Washington, Sep 21 (IANS): The US will no longer prohibit foreign visitors from entering the country starting from November if they are fully vaccinated against Covid-19, the White House said when announcing a set of policy changes that will ease the international travel bans put in place to curb the transmission of the virus.
People who are not US citizens and who plan to travel to the the country will have to provide proof that they are fully vaccinated and a negative test result taken within three days of departure as they board a US-bound flight, Jeff Zients, the White House Covid-19 response coordinator, said during a press briefing on Monday.
Fully vaccinated international travellers entering the US will no longer need to quarantine for 14 days after arrival, according to Zients, who also said the new rules will take effect in early November so as to give government agencies and airliners "time to prepare", reports Xinhua news agency.
For unvaccinated Americans returning to the US, the coordinator said they will be "subject to stricter testing requirements", including a test within one day of departure and proof that they have bought a test to take after arriving in the US.
The specific vaccines that qualify a traveller as "fully vaccinated" will be determined by the Centers for Disease Control and Prevention (CDC), said Zients.
Exceptions to the vaccination requirements include children not yet eligible for the shots, according to US media reports citing people familiar.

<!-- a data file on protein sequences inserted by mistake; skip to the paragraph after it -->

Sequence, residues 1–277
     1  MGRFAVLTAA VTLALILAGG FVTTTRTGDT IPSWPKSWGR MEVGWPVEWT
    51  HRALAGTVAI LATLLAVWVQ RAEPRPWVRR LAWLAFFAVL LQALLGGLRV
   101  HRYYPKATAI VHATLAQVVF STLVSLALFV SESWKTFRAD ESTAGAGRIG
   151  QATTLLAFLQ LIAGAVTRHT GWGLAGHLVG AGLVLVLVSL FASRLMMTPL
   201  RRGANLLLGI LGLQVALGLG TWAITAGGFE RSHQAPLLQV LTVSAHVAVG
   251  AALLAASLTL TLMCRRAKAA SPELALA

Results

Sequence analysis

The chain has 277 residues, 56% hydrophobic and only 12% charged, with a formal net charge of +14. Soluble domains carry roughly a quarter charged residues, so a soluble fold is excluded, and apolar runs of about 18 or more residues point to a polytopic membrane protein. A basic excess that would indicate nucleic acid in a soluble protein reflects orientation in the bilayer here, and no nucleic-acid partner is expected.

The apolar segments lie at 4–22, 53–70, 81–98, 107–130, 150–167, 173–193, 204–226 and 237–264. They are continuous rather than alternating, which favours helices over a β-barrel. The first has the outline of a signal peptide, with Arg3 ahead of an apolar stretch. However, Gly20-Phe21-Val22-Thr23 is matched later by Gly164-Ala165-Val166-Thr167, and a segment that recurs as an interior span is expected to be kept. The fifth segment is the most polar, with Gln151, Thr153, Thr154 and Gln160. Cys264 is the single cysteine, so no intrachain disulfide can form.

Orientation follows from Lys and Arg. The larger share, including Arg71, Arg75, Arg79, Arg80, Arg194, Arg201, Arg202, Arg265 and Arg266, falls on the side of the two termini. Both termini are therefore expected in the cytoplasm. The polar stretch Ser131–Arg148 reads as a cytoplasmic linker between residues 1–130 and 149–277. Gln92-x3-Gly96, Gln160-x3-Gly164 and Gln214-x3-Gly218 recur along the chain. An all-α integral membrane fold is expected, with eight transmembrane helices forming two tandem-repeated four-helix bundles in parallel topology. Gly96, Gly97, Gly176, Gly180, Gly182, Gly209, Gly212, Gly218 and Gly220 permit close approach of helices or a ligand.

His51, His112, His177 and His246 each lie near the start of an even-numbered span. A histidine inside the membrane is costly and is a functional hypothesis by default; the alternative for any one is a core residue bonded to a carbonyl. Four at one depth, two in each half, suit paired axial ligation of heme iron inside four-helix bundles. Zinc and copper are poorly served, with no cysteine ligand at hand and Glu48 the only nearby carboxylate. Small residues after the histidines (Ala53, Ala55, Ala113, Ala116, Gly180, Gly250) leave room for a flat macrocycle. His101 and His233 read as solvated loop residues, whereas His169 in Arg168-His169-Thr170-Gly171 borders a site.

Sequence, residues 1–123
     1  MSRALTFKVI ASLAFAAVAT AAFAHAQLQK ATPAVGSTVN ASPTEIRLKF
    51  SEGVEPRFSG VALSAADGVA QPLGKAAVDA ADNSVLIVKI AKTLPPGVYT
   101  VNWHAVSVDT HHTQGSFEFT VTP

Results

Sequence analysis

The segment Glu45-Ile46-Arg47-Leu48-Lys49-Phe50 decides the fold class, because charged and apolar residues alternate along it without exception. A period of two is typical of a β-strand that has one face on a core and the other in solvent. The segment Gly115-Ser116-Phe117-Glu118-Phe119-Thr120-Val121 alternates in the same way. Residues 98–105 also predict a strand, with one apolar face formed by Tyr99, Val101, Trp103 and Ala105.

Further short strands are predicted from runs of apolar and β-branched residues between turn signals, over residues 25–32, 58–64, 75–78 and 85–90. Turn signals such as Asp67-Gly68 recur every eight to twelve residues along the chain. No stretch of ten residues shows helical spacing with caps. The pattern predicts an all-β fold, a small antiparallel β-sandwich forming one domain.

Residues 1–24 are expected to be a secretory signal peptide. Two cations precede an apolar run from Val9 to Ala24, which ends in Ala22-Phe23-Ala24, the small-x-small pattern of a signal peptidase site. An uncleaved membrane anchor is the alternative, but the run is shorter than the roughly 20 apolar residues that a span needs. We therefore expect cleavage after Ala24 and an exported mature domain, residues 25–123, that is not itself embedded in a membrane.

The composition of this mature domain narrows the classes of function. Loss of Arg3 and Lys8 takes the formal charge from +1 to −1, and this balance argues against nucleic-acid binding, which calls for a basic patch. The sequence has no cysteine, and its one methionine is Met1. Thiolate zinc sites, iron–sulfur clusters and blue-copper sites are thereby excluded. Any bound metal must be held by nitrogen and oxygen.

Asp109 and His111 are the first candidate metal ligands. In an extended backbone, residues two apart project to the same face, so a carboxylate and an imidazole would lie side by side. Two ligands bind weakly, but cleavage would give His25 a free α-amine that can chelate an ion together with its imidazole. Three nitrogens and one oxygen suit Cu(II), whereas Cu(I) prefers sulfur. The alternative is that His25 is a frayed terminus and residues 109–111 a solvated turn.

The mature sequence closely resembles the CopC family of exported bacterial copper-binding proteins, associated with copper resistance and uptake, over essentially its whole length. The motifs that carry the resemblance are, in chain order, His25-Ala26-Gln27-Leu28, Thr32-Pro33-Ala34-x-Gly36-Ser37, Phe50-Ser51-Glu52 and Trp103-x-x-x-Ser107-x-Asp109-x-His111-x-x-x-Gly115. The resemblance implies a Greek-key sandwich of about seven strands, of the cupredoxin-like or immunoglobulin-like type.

Meanwhile, the CDC will roll out more stringent contact tracing requirements in the coming weeks, according to Zients, including information on US-bound international travellers' phone number and email address.
Zients also said existing rules governing land border crossings with Canada and Mexico remained unchanged.
Monday's announcement will halt a patchwork of bans imposed by the former Donald Trump administration since the onset of the pandemic on travel from 33 countries across the globe.
It will also finally give people overseas who have been separated from family in the US the chance to reunite with their loved ones.
In addition to the expected easing of a major source of tension between the US and Europe -- which complained about Washington's hesitancy in removing the measures amid an uptick in vaccination rates -- the new rules were also cheered by the travel industry in America, which has been lobbying the federal government to make the changes.
"US airlines have been strong advocates for a stringent, consistent policy and are eager to safely reunite the countless families, friends and colleagues who have not seen each other in nearly two years, if not longer," Nicholas Calio, president of Airlines for America, the lobbying group for the country's largest carriers, said in a statement.